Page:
W/cm2 * sr is a SI radiometry unit for radiance. Radiance is radiant flux emitted, reflected, transmitted or received by a surface, per unit solid angle per unit projected area. It sounds complicated right? Well that's because it is. Things get a bit more (actually a lot more) complicated if you want to do a simple conversion to MPSAS. I'm not even going to touch the Bortle scale issue because it is highly subjective scale. Anyway if you are still interested in a "conversion" I can try to explain the problem. Imagine you have a small light source aimed at the sky and this light source gets picked up by the VIIRS detector detector. The VIIRS detector is monochromatic and has its own spectral response curve. It has no idea of the spectral curve of the light source. MPSAS or more specific magnitude is a measure that is measured in a “specific wavelength or passband”. See the problem? That's one major issue. The other major issue is that light from the light source passes through the atmosphere and while doing this it scatters due to air molecules and aerosols. So you need to create a model of light propagation for the entire Earth taking into the account local air conditions, earth curvature, light absorption, Earth terrain and what not. You can read more about it here. If you got skills to do this and willing share the result I'll be glad to include it!
13. Where can I get the original data?
14. How can I view the data? The files are too big to be opened by Photoshop or similar software!
To work with this kind of data you need to have GIS software installed (QGIS, uDig, ArcGIS, etc...)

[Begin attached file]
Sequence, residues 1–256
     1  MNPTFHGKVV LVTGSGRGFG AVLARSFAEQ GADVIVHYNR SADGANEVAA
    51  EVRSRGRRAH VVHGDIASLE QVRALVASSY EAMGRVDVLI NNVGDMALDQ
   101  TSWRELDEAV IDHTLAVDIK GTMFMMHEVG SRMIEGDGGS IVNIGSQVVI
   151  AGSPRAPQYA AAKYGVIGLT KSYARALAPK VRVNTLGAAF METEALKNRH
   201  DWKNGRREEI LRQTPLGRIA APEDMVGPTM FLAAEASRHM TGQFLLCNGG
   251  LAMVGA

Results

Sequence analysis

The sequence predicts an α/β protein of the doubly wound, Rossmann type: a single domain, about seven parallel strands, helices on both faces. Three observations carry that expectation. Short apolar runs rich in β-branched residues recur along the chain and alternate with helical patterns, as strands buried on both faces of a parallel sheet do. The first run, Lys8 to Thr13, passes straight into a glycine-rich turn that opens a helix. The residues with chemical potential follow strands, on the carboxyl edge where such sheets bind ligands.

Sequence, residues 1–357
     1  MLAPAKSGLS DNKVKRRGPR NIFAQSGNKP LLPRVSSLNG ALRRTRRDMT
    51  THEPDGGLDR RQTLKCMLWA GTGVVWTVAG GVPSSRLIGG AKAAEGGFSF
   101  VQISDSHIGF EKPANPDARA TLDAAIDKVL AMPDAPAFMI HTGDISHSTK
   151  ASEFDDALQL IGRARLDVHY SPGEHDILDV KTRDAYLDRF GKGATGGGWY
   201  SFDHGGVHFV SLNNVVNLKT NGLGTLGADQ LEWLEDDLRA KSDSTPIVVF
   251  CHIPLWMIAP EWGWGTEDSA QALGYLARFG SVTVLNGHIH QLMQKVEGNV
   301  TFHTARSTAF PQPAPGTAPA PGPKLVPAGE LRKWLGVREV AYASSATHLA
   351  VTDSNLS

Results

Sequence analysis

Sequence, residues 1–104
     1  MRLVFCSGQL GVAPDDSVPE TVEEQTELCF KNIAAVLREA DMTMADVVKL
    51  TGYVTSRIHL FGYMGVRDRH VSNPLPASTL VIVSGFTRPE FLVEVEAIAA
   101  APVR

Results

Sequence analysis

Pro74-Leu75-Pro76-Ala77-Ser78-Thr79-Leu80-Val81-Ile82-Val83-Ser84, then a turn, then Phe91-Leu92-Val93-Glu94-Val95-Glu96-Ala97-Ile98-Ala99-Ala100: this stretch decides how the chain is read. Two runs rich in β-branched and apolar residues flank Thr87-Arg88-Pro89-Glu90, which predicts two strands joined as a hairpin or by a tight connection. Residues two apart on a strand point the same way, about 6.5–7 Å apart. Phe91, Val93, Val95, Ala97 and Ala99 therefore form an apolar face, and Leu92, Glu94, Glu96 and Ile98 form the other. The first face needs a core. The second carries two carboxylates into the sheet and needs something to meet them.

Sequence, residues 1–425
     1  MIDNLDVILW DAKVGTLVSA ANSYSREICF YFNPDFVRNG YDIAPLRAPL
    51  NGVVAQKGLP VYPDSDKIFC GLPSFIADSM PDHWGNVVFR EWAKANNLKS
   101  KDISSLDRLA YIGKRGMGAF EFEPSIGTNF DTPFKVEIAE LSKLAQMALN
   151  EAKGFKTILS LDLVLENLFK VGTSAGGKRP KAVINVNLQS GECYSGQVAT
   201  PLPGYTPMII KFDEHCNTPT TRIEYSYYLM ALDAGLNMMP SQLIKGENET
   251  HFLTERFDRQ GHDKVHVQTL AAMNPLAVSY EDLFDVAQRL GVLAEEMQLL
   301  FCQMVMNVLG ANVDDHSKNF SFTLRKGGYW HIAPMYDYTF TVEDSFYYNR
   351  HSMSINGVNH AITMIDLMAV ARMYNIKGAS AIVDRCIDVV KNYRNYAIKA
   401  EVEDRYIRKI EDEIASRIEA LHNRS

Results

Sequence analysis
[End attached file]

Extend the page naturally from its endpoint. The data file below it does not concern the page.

15. How should I credit the use of www.lightpollutionmap.info?
The use of data from www.lightpollutionmap.info should be credited to "Jurij Stare, www.lightpollutionmap.info", but because the original data is sourced from Earth Observation Group, NOAA National Geophysical Data Center it should also be credited as such.
16. I see the coordinate display is in a decimal format, but can you display them as degrees/minutes/seconds?
Click on the coordinates and it should toggle between those two display modes.
17. What is the precise date when satellite data was collected?
"layer VIIRS 2017" data was taken between dates 20170301-20170331
"layer VIIRS 2016" data was taken between dates 20160301-20160331
"layer VIIRS 2015" data was taken between dates 20150301-20150331
"layer VIIRS 2014" data was taken between dates 20140301-20140331
"layer DMSP 2010" data was taken during the whole 2010
18. VIIRS version 1 series is run globally using two different configurations. Which one are you using?
19. Exported GeoTIFF is all black!
Exported GeoTIFF is the raw VIIRS/DMSP data. VIIRS is in a 32bit floating point while DMSP is in a 8bit unsigned integer pixel type GeoTIFF. Use GIS software (QGIS, uDig, ArcGIS, etc...) to stretch the histogram, reclassify etc...
20. How are the country statistics made?
The calculation is done by using boundaries from OSM (land and sea territory) and radiance data from VIIRS vcmcfg.
21. We want to use your WMS/WMTS service
Contact me and we'll work something out.
22. How can i search by coordintes?
Just enter coordinates into the "Search" field located top left in a "latitude, longitude" format.